Your investors will want to know what your responsibilities are and what their own responsibilities are. Sometimes investors or founders are employed by the start-up company and sometimes they are contracted to the start-up company under a contractor agreement. The same issues arise in each instance: what do the other parties expect from them and what do they expect from the other parties who are helping with the funding? Beyond these issues, an employment agreement or contractor agreement will help convince your investors that your business is legitimate and that their money will be used carefully and sensibly. The investors will also be looking for a restraint of trade clause in the agreement to prevent the founder from leaving and starting up an identical business the following week.

A properly drafted employment contract will canvass things like:

i)               Whether the employment is covered by an Award under the Fair Work Act.

ii)             Probationary periods

iii)            Long service leave and annual leave

iv)            Salary and any applicable bonus

v)             Garden leave

vi)            Superannuation

vii)          Ownership of intellectual property

viii)         How and when the employment agreement can be terminated; and

ix)            Applicable restraints in relation to ex-employees, customers and business relationships.

An issue frequently overlooked is that relating to the start-up business’ employment policies. These can include matters such as internet use, employee obligations at office parties, harassment and bullying, social media use and use of alcohol and drugs. In addition, matters such as who owns or controls the employee’s LinkedIn or business Facebook profile are becoming very relevant.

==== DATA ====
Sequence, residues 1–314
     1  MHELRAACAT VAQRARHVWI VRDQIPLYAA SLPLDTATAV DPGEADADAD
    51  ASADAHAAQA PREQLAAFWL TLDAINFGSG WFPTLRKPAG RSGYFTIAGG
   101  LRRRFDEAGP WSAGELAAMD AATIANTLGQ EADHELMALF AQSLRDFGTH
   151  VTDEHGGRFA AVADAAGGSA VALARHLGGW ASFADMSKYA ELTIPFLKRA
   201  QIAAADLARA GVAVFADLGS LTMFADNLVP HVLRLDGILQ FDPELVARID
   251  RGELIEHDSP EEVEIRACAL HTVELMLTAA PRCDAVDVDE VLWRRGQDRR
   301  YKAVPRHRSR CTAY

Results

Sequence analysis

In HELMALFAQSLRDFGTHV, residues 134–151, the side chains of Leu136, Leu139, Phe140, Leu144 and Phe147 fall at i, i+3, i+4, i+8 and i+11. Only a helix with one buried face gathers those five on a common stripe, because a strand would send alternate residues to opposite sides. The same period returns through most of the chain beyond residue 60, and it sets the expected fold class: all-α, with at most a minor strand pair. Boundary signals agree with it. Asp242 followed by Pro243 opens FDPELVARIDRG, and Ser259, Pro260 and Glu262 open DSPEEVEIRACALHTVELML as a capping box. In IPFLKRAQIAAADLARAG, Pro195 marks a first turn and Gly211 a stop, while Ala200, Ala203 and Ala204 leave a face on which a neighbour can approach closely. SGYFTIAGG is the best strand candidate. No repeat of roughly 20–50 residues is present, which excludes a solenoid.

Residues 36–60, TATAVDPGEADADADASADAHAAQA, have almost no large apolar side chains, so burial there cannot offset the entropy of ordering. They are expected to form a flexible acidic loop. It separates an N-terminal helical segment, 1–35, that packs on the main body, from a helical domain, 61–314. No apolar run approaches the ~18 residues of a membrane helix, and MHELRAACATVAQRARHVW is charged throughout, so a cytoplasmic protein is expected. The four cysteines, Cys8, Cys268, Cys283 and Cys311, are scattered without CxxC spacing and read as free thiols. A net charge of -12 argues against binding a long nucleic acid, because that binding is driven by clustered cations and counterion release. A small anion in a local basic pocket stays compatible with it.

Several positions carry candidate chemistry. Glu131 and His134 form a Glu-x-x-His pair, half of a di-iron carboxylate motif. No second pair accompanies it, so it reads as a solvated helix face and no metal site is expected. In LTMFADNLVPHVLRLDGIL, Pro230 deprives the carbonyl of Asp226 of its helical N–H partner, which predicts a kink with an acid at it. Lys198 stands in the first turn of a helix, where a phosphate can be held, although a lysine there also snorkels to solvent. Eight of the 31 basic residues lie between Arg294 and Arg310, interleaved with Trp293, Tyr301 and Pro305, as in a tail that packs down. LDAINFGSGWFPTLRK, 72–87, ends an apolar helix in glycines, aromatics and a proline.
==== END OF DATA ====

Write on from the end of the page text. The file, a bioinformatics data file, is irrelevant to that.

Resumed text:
6.     The documents needed to get funding

Crowdfunding is currently illegal in Australia. Our Business Start up Lawyers expect that changes to the law will make it legal by the end of 2016 with the proposed insertion of a new Chapter 6D into the Corporations Act. In the meantime, a start-up founder is generally limited to raising up to $2 million from up to 20 investors in any 12 month period. And spamming people is not permitted, neither is publicly advertising your offer. However you can generally canvas ‘sophisticated investors’ being people with net assets over $2.5 million or an annual salary of $250,000 or more.

The proposed new Crowdfunding laws will allow unlisted public companies to raise up to $5 million per year, with each investor limited to investing $10,000 in any 12 month period.



7.     What about preference shares

Some investors are attracted to the idea of owning preference shares. A preference share gives the owner a priority and will be repaid ahead of the ordinary shareholders on a liquidation of the company start-up. However, preference shareholders are still behind unsecured creditors in a company wind up.

Preference shares can pay dividends ahead of the dividends payable on ordinary shares. This typically makes their dividends more regular than the dividends that ordinary shareholders receive, particularly in a start-up environment where profits can be sporadic.

It is common for preference shares to be converted (or convertible) into ordinary shares at some time in the future. Frequently the conversion rate (1 for 1, 1 for 2 etc.) is the subject of strenuous negotiation between the start-up founder and the potential investor.

The underlying shareholder agreement or business succession agreement will also usually provide for a mechanism by which the preference shares can be bought and sold. Other issues for negotiation include whether the dividend is fixed or floating and whether it will be franked.

If you want to get your business going, then contact our Business Lawyers Sydney for expertise in business law advice. Call Leigh on 02 9964 0022. He is an Accredited Specialist in Business Law. Leigh Adams Business Lawyers. We get you there.